Chris Stone, editor-in-chief of SI, says SI TV is an attempt to distribute its best work to a wider audience, one that it can grow with over time. There is already a show on sports gambling, “The Line,” a sign that SI will push to position itself as a leader in that emerging space after the Supreme Court’s May ruling to allow states to legalize sports gambling. There will be longform documentaries, too, but in that case, SI will be the one trying to imitate the wild success of ESPN’s “30 for 30” brand.
“The people around me here value the things that got Sports Illustrated to this point,” Stone says. “At the same time, we don’t want to be too precious about consumer habits. We have to reach out to sports fans who have a broader interest in sports. They value great journalism, but they also want to be entertained, too, with short form content as well.”
About 10 years ago, Stone remembers doing a focus group with young consumers of sports media. He was surprised by the high esteem they had for Bleacher Report, a start-up that was generally loathed within the industry because it was an audience grab built on the aggregation of other people’s work. It was, in short, the opposite of Sports Illustrated.
Sports journalists could no longer deny they were in a prolonged fight for relevancy in 2017 when ESPN laid off around 100 editorial staff
And yet, Stone says, “We heard repeatedly from the focus groups that, ‘I just want to know about my favorite teams. I don’t care who’s writing the story, as long as I feel more informed than I did when this content arrived at my fingertips.’ Do I wish that Sports Illustrated had been as prescient as B/R was in the mid-to-late aughts? For sure. One benefit they had was they weren’t encumbered in any way by a legacy, or by its past.”
Bleacher Report (with 45 to 50 million unique monthly users), started by Dave Finocchio and a couple of high school friends and bought by Turner Broadcasting for a reported $170 million in 2012, is one of the best underdog tales of the digital media era.
When Finocchio was an undergrad at Notre Dame, he felt a level of dissatisfaction with sports media. “It sure seemed like the topics that sports journalists were covering were not really driven by data in any way, shape or form,” Finocchio says. “It seemed like every outlet in the country was sending somebody to the Major League Baseball All-Star Game, which was a big deal in the 1970s, but this was 2005, and by that time, it didn’t hold the same kind of place in sports that it once did.”
Finocchio credits the launch of Google News in 2006 as the catalyst for getting his company off the ground. It allowed for start-ups like B/R with no brand identity to get their content on the same search page as the known brands. Bleacher Report enlisted a volunteer army of hundreds of amateur writers who were willing to opine about their favorite teams on B/R’s platform with the hopes of building a portfolio of work. The writers rarely received credentials from franchises and leagues, so these were armchair quarterbacks with keyboards.
B/R crafted email newsletters geared toward each specific fan base, aggregating the best content from across the internet. While the “open rate” for newsletters across industry was 8 to 12 percent at the time, according to Finocchio, B/R’s was approaching 70 percent. Once Apple iOS mobile apps came onto the scene, B/R was positioned to release a product that further streamlined the process for fans with its “Team Stream” app. “If you were a fan of the Alabama Crimson Tide,” Finocchio says, “as opposed to using every single blog and site, you could open our newsletter and we’d put it together for you. We realized we could create a mobile app that was a better version of our newsletter. We’ve ended up with user engagement numbers that don’t look like a content company; they look like social platforms.”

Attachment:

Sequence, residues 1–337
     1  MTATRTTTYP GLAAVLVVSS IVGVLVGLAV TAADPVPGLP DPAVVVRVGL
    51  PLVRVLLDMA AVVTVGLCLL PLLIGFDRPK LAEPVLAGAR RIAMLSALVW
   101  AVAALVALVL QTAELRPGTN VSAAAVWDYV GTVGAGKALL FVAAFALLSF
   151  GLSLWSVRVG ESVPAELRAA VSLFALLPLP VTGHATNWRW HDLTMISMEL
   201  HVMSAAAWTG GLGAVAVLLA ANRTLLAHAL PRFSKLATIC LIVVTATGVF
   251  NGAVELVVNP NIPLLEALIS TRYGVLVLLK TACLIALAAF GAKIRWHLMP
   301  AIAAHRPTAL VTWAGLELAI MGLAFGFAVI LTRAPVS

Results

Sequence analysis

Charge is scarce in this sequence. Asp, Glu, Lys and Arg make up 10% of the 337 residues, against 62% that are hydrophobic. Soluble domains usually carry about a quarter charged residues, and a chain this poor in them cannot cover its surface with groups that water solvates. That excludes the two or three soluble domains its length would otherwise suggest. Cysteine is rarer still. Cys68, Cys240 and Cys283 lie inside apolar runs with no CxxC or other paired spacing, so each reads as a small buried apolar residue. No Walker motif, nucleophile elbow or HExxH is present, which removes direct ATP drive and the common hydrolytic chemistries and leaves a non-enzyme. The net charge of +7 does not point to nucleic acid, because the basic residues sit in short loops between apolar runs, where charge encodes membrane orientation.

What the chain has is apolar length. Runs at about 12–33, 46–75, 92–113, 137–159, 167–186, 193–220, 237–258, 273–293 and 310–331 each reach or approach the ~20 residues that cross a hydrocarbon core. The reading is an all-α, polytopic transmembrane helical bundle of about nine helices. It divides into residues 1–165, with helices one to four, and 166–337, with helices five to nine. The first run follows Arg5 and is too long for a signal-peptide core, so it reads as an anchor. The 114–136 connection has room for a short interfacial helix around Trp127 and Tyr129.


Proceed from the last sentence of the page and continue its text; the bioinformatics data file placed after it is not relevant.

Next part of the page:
The year after Turner bought Bleacher Report, the outlet made its first splashy reporter hire by bringing on Howard Beck, who had established himself as one of the most trusted voices on the NBA while covering the New York Knicks for The New York Times. B/R later added former Times and Grantland NBA writer Jonathan Abrams. By 2016, Bleacher Report had launched its B/R Mag vertical for premium storytelling.
B/R Mag’s work has elevated the site’s reputation within the industry. One of the site’s most memorable pieces from the past year was written by freelancer Rembert Browne, who wrote 10,000 words about Colin Kaepernick’s exile from the NFL and what it means to be black in America. Kaepernick refused an interview, so Browne spent time in his hometown of Turlock, Calif., and interviewed activists for perspective.
That B/R’s Marshawn Lynch “comedy/hybrid” series could share the same space as Browne’s meditative Kaepernick essay shows how the site is banking on content diversity.
The series’ name, “No Script,” is ironic given that it places Lynch in manufactured situations ripe for him to show his personality. A handful of the episode titles explain the tone: “Marshawn F’s Up A Race Car”; “Marshawn Blows Stuff Up With Science”; and “Marshawn Remakes Star Wars.” “To me, we’re a movie studio,” says Joe Yanarella, B/R’s senior vice president for content, “and there are a certain amount of stories we tell that draw audience, the blockbusters. Then there’s the content that we do that draws awards, the ‘Big J’ journalism.”
While visitors to Bleacher Report will often see entertainment and journalism packaged together, there is no gray area when one visits The Players’ Tribune, where athletes pitch, write, and help edit their stories. Should its first-person narratives from athletes be considered journalism?